Even though this sounds wonderful, remember that STEM is controversial.  This is because of testing.  Parents, teachers, and administrators get nervous that the children will not pass the exams.  It happens at home and it happens here too.  In Thailand, there is testing in grades 3 and 6.  How can the children possibly pass when students are constantly doing ‘arts and crafts’?!  It is not just that.  Thailand has indicators, just like the US has standards.  For each grade, we have to teach certain indicators by the end of every term but here, we get some flexibility in when we teach what topics and how we teach them.  It’s a great system if you ask me.  The children have to be taught these indicators and it doesn’t matter the topic.  We are expected to get creative.  If the topic is rain, students can design and build rain gauges, like they did last term with the teacher before me.  That is exciting, fun, and relevant for Thai students, especially during Thailand’s rainy season, which lasts for half a year.  Children are more likely to remember facts about rain if they have done a cool project to go with it than if they are being lectured.  If I never come back home, it will be because I have found a school that lets me teach the way most teachers picture themselves teaching.

Some more about STEM:

How does the United States compare in STEM Education?
-The World Economic Forum ranks the United States 52nd in the quality of mathematics and science education, and 5th (and declining) in overall global competitiveness
-The United States ranks 27th in developed nations in the proportion of college students receiving undergraduate degrees in science or engineering
-There are more foreign students studying in U.S. graduate schools than the number of U.S. students and over 2/3 of the engineers who receive Ph.D.’s from United States universities are not United States citizens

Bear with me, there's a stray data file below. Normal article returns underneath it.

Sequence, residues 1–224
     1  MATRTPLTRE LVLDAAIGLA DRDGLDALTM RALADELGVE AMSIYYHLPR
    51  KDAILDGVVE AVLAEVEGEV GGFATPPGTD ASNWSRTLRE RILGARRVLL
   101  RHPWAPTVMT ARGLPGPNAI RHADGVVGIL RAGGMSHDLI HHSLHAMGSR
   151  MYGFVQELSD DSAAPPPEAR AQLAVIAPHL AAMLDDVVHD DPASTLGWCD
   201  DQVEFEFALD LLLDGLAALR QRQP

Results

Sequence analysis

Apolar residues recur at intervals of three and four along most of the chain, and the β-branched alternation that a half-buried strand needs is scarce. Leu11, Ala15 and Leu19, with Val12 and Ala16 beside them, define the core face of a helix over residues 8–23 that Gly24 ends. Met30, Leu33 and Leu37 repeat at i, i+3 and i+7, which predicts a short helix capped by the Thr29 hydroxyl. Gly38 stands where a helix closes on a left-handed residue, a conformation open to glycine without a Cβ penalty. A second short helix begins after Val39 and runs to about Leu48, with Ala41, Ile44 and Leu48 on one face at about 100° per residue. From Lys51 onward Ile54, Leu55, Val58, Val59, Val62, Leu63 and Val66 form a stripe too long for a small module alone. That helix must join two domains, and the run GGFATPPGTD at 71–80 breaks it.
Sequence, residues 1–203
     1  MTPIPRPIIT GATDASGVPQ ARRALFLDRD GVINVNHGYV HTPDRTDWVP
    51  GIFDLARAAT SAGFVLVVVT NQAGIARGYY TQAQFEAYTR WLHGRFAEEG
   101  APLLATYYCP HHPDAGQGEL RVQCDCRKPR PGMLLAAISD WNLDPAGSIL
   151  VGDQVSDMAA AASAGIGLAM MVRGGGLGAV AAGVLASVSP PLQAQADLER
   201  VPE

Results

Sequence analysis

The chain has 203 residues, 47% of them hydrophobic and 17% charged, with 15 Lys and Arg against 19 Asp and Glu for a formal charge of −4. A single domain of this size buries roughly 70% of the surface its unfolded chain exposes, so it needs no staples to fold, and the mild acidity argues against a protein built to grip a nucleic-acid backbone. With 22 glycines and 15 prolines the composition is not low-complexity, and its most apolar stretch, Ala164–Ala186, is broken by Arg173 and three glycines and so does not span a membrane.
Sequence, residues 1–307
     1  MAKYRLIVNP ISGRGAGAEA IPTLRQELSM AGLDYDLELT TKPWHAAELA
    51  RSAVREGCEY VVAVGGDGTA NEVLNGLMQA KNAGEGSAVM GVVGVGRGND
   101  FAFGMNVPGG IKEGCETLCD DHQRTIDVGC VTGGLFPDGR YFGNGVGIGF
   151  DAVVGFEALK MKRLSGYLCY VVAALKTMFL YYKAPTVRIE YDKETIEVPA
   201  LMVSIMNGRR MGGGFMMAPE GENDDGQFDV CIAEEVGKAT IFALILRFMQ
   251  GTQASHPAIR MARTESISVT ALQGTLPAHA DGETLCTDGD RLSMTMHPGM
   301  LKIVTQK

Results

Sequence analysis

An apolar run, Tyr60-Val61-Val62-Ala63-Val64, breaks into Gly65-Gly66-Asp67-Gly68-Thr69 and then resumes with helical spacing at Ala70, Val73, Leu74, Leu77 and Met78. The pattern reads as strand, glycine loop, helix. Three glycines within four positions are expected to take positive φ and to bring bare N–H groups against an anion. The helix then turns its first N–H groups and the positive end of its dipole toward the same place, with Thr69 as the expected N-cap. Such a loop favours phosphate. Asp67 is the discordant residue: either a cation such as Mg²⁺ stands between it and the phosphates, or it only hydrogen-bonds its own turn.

About the children:
Like I said, 36 2nd grade Thai students.  36 Thai students who behave better than having 10 American students in one room would.  They behave so well for a couple of reasons.  First is because their parents pay for them to come here.  This ensures a good education and native English speaking teachers who will make sure their children learn English.  Second is because they are disciplined, and I believe they may be scared of that discipline.  I assume they are disciplined at home if they come home with a bad grade, just like they are disciplined at school for various reasons.  The Thai teachers are extremely strict.  When my Thai teacher is in the room while I’m teaching a lesson, my kids are on their best behavior.  Their excellent behavior is something that I don’t think I have ever witnessed before in a classroom, and I enjoy it.

The kids are adorable.  They are so curious about the new Americans in town.  TEACHA TEACHA is what I hear all day long.  Their English is pretty decent already, and I can’t wait to help them learn more.  One thing I love is that they all have nicknames so us Americans can hopefully call them something with no fumble (kidding.. it helps, but it’s just another cultural thing that Thai people do).  Some American-ish nicknames are: Rat, Stamp, Ice, Guy, and Pooh.  There is I-fon (pronounced iPhone) and more Thai names like Yumi, Mew, and Chokun.  They are all just too cute and bring presents all the time.  At the end of the day on my first day of school, one of the girls handed me a plastic bag with a Tweety Bird stuffed animal inside.  She wrote duck and I’m heppy on the outside.  I told her it was very nice and she said ‘For you Teacha, for you’!!  I have zero clue what the significance of the gift was, but I accepted and greatly appreciated it.  These kids will continue to confuse me every day, but each time I find myself at a disconnect with a student, I just laugh.  Our language conflicts are silly, and eventually through large gestures and asking around the room, we’ve always gotten on the same page, and I think it will only get better!